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Internet of Things

Netherlands College Fixes Empty Classroom Problem with IoT Platform

A college in the Netherlands has deployed an Internet of Things (IoT) solution built by Microsoft that lets the institution manage classroom usage around campus.

Drenthe College — despite having opened a number of buildings over the last decade to accommodate its growing 11,000-student body — was finding it difficult to find open classrooms to use, according to a blog post from Microsoft.

At the same time, parts of campus remained empty: Officials measured classroom usage in the afternoons, finding up to 35 percent of rooms were often empty. On average, students and teachers were spending up to 15 minutes looking for an open classroom.

On Campus Technology

Forward-thinking CIOs are exploring the potential of IoT technologies in higher education and heading off challenges along the way. Read the story here.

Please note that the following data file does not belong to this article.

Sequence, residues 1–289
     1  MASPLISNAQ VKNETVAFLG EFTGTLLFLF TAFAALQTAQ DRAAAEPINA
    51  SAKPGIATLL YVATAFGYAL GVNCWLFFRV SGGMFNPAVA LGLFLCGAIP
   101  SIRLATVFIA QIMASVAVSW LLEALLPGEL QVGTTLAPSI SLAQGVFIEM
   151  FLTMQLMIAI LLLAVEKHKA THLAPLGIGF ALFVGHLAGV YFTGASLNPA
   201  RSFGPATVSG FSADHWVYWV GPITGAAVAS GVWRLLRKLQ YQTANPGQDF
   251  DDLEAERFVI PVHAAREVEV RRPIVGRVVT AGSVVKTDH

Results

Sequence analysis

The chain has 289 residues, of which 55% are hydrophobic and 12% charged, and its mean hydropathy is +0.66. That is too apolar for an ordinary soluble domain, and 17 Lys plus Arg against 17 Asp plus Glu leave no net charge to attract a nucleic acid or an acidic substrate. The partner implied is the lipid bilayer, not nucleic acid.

The solution? Drenthe College installed 500-plus Bluetooth-enabled sensors around campus with help from Netherlands-based Winvision, a Microsoft CityNext partner. The technology was selected to measure capacity as well as update the campus’s scheduling system to allow more on-the-fly-meetings, the post noted.

The sensors send data through an Azure IoT Hub that is connected to the campus scheduling system, which provides real-time updates on room availabilities. The college also worked with Winvision to develop a mobile app for students and staff to see not just whether a room is available, but its temperature, sound, movement, humidity, CO2 levels and other amenities.

As a result, the college reports saving nearly $164,000 annually in infrastructure and maintenance costs.  

To learn more, watch the video below or visit the Microsoft blog.

About the Author

Sri Ravipati is Web producer for THE Journal and Campus Technology. She can be reached at [email protected].

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